Access to transportation is key to finding and keeping a job, and to all other facets of community life. MassDOT and MassMobility will share tools to help people find transportation and improve mobility around the Commonwealth, such as Ride Match, an online database of public and private transportation options. This session will discuss technical assistance available from the state to help organizations meet the transportation needs of their consumers. Travel instruction will also be highlighted, and you will hear from the MBTA's travel trainer.
Jamie Nadeau, Opportunity Works
Lucy Ridley, Northeast Arc
Opportunity Works and Northeast Arc will discuss the innovative Project SEARCH programs hosted at Northern Essex Community College and Salem State University. These programs help people with intellectual disabilities learn job skills to gain competitive employment in their communities. Statistics show that 83% of adults with intellectual disabilities are unemployed. However, employment increases from 17% to 70% for those who have completed Project SEARCH.
Brian Forsythe, BenePLAN, UMass Medical School
Participants will gain a basic understanding of the Social Security benefits available for individuals with disabilities, how income from work impacts these benefits, and the work incentive programs that are available to assist individuals with disabilities to ease into, or back into, the workforce. Discussion will include additional resources of use to employment staff, including the role of Work Incentives Planning and Assistance (WIPA) programs.
Michael Plansky, You’re With Us!
You're With Us! seeks to create better communities by harnessing the benefits of inclusion. This program believes that people with disabilities need inclusion opportunities in order to thrive, and that these opportunities allow people to contribute to their community. You're With Us! facilitates inclusion by training college clubs, groups, and teams to be welcoming and supportive peers to people with disabilities. The college group then supports a Positive Experience Design customized for the young adult to help him or her transition from school to an adult life in the community.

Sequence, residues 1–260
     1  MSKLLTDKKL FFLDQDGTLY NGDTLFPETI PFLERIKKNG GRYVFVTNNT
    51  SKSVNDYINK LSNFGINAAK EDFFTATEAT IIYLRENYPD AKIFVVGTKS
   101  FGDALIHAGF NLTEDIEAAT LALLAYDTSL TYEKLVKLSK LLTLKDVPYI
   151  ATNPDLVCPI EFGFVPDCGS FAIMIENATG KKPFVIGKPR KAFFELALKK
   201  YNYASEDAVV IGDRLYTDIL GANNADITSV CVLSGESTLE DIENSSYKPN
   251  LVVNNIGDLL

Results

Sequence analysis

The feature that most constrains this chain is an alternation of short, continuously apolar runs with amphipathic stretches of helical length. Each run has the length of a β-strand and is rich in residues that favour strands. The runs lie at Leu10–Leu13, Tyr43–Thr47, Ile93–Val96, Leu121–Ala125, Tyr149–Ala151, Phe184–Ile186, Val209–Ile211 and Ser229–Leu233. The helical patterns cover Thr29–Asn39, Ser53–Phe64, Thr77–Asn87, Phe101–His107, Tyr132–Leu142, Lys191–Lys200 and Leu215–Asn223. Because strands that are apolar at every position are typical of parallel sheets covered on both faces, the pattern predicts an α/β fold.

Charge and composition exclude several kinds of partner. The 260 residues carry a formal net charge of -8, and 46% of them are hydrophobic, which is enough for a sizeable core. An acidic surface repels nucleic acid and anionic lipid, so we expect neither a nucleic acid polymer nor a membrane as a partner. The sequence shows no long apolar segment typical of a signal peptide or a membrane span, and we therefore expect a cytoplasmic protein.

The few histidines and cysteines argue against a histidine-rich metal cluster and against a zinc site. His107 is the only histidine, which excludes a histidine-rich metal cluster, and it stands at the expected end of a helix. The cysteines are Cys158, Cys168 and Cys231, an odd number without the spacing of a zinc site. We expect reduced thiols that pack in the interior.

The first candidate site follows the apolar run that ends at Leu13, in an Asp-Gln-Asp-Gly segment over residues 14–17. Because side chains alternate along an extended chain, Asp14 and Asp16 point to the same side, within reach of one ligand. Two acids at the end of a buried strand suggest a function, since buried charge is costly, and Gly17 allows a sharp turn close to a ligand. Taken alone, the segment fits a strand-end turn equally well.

Heather Mantell, Riverside Community Care
Kristianne Widman, Riverside Community Care
This workshop will focus on the importance of collaboration over competition in the disability community. The session will focus on how working together as a team has proven to be successful throughout the state for placing individuals in meaningful employment. Throughout the presentation, attendees will see the benefits of working together when dealing with employers and potential employees throughout the application process. Success of collaboration will be shown through the six Regional Employment Collaboratives with measurable data from the last two years.
Ashley Smallwood, Bridgewell
Marc Jamieson, Bridgewell
This workshop will focus on the best practices of interest and skill assessments when assisting individuals in obtaining competitive employment. A main focus will be on learning about the job seeker as a whole person to find a lasting career path that is well suited to their interests, skills, and career vision. Involving the job seeker's support system in career planning and assessment will also be discussed. Job seekers on the autism spectrum can present a unique set of challenges during this process, and techniques for working with that population will be provided.
Melanie Jordan, Institute for Community Inclusion / UMass Boston
Jill Eastman, Institute for Community Inclusion / UMass Boston
Effective job coaching strives to maximize employee independence and to promote stability at work. Job performance is only part of what leads to employment success. Equally essential is that the new employee fits in and is included in a meaningful way as a member of that workplace culture. So, what are natural supports, really? And exactly what can you do you to help make social inclusion happen? This session will discuss concrete strategies to engage coworkers and supervisors while taking full advantage of workplace activities to enhance social inclusion.
Steve Aalto, WORK, Inc
Kristen Piccolo, WORK, Inc.
"Pathways to Careers" is a zero-exclusion, strength-based employment program design that uses Discovery, visual resumes, paid internships, and systematic instruction to develop employment opportunities for people with disabilities. The career navigator spends 25-30 hours observing individuals in a series of situations that identify their competencies, interests, and conditions that will promote their success. We develop relationships with businesses, identify their unmet needs, and match the individual's skills and interests to these business tasks. Internship wages are paid for by the program. During the internship, our on-site staff facilitates and develops natural supports.
Colleen Moynihan, New England Business Associates
Self-employment is an underused option for developing economic independence. Social Security work incentives including the Ticket to Work (TTW) and Plan to Achieve Self Support (PASS) can help people with disabilities move into the world of work by being their own boss. This session will discuss the basics of developing a business plan, sales strategies, and client development. A success story by a business owner will be shared.
Sandra Jones, Arc of Greater Haverhill Newburyport
Daysiree Perez Batista, Northeast Region, Massachusetts Advocates Standing Strong (MASS)
Jillian Berube, Central Region, Massachusetts Advocates Standing Strong (MASS)